As part of the Oil & Gas industry we must address the challenge of finding a balance between the water and energy. Just as water is used to produce energy, energy is essential in water extraction, transport, and treatment.
All of our company’s areas use water as part of a key process, both in our industrial centers for refining and chemicals and in our production assets. The majority of water consumption occurs at our refineries and chemical plants, where it is primarily used for cooling processes and steam production. In conventional exploration and production activities, the challenge is to manage production water, which is extracted with the crude oil. Water is also a key component in hydraulic fracturing for our shale gas activity.
At Repsol we have been sustainably managing water at our facilities for decades, focusing our efforts on finding new solutions to minimize the use of this natural resource, using it more efficiently, and preserving its quality. In recent years we have gone one step further to consider water as a strategic resource while at the same time reinforcing local management at all of our facilities, applying uniform environmental practices and standards shared by the entire company.
This led us to look for a way of implementing the concept of a circular economy in how we use water. The Circular Economy is a new production and consumption model based on the principle of “closing the life cycle loop” of products, services, waste, materials, water, and energy. When this concept is applied to water, it entails using the resource over and over again, which is what happens in the natural cycle.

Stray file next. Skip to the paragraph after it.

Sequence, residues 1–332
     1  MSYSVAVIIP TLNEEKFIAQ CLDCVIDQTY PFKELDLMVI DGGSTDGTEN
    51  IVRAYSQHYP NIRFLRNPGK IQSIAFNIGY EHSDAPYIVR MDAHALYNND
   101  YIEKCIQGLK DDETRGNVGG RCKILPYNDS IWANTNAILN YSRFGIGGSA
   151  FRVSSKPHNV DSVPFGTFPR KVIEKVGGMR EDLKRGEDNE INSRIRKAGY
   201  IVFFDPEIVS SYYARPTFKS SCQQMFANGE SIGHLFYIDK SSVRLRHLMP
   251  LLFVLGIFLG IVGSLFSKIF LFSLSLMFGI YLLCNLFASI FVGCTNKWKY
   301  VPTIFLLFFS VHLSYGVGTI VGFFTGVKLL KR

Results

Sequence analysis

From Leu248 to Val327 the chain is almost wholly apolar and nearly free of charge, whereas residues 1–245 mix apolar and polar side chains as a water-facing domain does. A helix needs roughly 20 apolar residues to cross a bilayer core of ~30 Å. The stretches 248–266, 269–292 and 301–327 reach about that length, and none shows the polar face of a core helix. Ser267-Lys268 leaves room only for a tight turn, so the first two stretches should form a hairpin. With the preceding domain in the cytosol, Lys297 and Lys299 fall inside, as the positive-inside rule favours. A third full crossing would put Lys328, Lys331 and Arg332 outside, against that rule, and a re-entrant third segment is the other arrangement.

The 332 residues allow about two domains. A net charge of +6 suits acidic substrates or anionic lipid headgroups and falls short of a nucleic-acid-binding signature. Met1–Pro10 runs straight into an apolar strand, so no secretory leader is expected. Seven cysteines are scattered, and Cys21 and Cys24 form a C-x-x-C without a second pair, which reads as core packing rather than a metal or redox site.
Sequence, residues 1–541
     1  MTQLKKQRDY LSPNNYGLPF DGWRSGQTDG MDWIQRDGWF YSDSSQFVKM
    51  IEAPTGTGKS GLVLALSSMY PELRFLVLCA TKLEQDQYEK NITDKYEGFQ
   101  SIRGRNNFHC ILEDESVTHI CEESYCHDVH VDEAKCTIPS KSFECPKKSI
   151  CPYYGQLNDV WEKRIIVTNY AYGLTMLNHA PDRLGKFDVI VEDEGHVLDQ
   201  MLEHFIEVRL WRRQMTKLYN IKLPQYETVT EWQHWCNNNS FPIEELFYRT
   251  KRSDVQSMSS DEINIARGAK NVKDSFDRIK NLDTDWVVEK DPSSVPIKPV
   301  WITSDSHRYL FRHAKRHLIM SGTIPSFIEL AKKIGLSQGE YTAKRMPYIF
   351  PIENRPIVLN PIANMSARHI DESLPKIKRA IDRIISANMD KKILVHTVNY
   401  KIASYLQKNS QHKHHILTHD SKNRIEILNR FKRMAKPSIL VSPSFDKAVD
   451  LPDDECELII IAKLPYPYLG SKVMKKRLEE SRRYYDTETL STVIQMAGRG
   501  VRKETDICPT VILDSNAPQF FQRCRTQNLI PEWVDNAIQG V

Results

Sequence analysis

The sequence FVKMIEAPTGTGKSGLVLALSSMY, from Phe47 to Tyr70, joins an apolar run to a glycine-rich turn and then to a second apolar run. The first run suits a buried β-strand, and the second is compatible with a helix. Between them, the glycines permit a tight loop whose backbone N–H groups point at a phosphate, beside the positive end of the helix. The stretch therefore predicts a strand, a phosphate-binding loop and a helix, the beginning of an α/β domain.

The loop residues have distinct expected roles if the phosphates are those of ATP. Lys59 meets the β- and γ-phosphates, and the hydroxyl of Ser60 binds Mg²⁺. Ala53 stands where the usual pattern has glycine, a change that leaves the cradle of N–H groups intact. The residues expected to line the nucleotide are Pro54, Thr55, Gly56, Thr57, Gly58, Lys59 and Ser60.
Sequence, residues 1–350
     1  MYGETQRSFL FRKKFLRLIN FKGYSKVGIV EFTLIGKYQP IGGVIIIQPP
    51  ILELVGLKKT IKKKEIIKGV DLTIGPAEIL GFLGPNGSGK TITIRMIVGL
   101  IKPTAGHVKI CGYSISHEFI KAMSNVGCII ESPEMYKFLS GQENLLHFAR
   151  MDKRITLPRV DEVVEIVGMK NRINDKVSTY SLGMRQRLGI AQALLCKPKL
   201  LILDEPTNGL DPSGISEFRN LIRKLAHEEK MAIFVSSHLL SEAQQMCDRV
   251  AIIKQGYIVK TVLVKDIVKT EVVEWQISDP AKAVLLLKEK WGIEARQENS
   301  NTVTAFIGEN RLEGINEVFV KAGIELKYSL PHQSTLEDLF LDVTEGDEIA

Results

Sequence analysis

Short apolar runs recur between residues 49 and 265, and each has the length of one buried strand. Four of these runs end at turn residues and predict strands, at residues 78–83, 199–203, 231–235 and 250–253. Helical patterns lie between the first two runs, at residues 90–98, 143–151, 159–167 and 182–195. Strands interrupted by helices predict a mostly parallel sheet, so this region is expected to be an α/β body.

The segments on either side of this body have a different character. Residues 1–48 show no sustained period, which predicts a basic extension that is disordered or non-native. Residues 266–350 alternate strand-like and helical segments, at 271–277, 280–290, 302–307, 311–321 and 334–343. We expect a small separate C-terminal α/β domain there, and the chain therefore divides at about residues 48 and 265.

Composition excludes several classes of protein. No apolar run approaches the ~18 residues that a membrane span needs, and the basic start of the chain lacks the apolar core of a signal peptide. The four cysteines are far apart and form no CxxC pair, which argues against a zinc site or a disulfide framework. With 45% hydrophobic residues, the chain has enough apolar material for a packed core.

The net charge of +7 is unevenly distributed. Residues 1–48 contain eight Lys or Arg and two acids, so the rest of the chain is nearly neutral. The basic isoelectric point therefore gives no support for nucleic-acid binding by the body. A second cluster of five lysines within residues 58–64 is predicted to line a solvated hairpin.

With this in mind, at Repsol, we are carrying out efficiency and innovation actions in processes by optimizing water networks, increasing the recirculation of water from treatment plants to cooling circuits at our facilities, investing in the recovery of condensate for recirculation, increasing the use of water from municipal waste water treatment plants in processes, and encouraging the reinjection of water produced in producing wells.
To facilitate water management, we use our own Repsol Water Tool (RWT), which gives us a detailed vision of how we are managing this resource, as well as showing us the risks associated to each facility, both internally and externally.
With the results of this analysis, and as part of a process for continuous improvement, our water management focuses on three lines of work: improving our understanding of the environment and of how water is used, efficiently managing resources, and improving the technology we use to treat water.